The legal system gives the parties involved in litigation broad rights to gather information from the opposing side, but there are limits to this discovery process. Communications between a husband and wife, for example, are generally considered “privileged,” or off-limits to discovery requests.

What happens when a client gives a lawyer communications between others that are covered by the spousal communication privilege and the lawyer uses those communications? That was what the California Court of Appeal was recently asked to decide in a recent case (Militello v VFARM).

The case began with a dispute among the three owners of a Los Angeles cannabis company. Shauneen Militello, Rajesh Manek, and Ann Lawrence Athey (who is referred to as “Lawrence” in court documents) were officers of Cannaco Research Corporation, or CRC.

In early 2021, Lawrence and Manek removed Militello from her positions as a CRC officer and director. In April 2021, CRC filed a lawsuit against Militello, in part claiming she had interfered with CRC's email system to exclude Lawrence and Manek from access to electronic documents.

Later that month, Militello sued Manek, Lawrence, and Lawrence’s husband, Joel Athey, alleging fraud, breach of contract, and other claims, including that Lawrence, Manek, and Athey conspired to force Militello out of the business.

Militello moved to appoint a receiver of CRC. As support for the need for a receiver, her attorney attached as exhibits emails between Lawrence and her husband, Athey, that had been on CRC's email system and were provided by Militello to her attorney.

Lawrence then made a motion to disqualify Militello’s attorney, arguing that those emails were subject to the spousal communication privilege. The trial court granted the motion to disqualify and Militello appealed.

Militello had argued that Lawrence had “no reasonable expectation” that her email communications with her husband were confidential. Often, companies have policies, such as in an employee handbook, that emails sent or received through a company account may be monitored, and that means an officer or employee has no reasonable expectation of privacy when using the company email system.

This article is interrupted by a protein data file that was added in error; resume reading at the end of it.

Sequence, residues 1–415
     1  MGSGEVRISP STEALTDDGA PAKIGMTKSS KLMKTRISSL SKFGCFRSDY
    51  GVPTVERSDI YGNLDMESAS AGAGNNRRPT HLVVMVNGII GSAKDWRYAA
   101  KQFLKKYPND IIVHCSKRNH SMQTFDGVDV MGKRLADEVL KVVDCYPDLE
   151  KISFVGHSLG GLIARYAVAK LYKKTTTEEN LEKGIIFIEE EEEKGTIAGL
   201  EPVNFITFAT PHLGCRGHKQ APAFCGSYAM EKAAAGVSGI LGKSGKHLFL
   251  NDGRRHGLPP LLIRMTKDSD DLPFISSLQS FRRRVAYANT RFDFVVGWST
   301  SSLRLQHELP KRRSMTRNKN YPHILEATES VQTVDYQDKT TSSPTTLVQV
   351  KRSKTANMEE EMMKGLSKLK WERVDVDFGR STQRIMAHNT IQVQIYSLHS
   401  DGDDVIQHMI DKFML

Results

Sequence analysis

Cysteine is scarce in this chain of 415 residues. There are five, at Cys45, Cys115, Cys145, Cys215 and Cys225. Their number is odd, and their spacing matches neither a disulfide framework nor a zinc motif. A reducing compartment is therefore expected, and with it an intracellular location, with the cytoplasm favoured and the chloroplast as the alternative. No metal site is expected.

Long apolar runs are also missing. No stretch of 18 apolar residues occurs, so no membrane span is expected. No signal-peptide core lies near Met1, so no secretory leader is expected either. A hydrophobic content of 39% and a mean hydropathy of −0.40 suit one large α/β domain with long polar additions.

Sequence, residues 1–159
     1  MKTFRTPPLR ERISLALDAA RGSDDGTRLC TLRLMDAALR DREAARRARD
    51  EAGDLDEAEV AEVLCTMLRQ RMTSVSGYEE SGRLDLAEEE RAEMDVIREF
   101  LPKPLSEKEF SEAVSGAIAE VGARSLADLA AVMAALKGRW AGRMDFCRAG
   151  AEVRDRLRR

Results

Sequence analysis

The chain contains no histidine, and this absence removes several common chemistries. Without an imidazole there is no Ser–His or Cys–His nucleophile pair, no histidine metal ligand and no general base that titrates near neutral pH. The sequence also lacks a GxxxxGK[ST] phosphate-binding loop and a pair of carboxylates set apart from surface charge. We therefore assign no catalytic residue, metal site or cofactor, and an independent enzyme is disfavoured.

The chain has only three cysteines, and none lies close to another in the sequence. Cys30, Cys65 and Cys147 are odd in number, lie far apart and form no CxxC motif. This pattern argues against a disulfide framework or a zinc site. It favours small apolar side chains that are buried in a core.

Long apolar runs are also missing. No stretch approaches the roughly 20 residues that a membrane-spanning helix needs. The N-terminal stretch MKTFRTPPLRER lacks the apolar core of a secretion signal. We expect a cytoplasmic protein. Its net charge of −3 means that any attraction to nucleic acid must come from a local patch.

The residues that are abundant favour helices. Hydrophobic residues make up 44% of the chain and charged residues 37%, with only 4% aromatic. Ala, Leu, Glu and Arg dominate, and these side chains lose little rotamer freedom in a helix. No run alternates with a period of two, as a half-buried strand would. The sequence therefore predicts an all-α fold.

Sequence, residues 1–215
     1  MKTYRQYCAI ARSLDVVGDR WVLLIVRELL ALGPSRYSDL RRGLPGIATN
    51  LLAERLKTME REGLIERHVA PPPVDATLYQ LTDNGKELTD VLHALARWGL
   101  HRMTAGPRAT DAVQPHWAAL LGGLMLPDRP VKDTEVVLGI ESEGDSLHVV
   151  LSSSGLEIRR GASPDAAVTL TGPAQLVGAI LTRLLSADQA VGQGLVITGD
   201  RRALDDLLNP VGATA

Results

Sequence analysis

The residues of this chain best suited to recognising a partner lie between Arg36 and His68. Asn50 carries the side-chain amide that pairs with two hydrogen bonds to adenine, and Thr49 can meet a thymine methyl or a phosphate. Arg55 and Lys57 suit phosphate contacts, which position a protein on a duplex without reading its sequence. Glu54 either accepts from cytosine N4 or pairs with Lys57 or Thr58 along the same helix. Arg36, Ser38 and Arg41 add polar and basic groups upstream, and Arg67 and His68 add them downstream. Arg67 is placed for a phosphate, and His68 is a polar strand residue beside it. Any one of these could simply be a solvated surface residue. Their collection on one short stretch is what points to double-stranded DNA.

The court noted that there was no evidence CRC had such a monitoring system or that Lawrence had notice of any monitoring or that others had access to her email account.

Militello further argued that as a CRC director, she had authority under the California Corporations Code to review CRC's books and records and therefore Lawrence could not have had a reasonable expectation of privacy.

The court found that Militello had not proved she was a director when she accessed the emails, and going further, it noted that a director's right to inspect books and records under the Corporations Code did not include the "surreptitious review" of Lawrence's email account.

Militello also argued that the spousal communication privilege should not apply because the emails were related to criminal acts or fraud. In rejecting this argument, the court noted there was no evidence in the record that the purpose of the emails was to enable or aid in committing a crime or fraud.

Militello’s lawyers had already attempted to use information in Lawrence’s emails to the disadvantage of Lawrence. Although the court acknowledged a client is not expected to know if communications are privileged and should not be penalized for open communication with the client's lawyer, the issue was with the lawyer's use of the communications.

The court said a lawyer should review materials provided by the client and if he or she determines that a privilege exists, should stop reviewing and not use the materials.

Citing several earlier cases, the court said that “when deciding a motion to disqualify counsel, “[t]he paramount concern must be to preserve public trust in the scrupulous administration of justice and the integrity of the bar. The important right to counsel of one’s choice must yield to ethical considerations that affect the fundamental principles of our judicial process.”

The appellate court upheld the disqualification of Militello’s attorney.

By Rachelle Cohen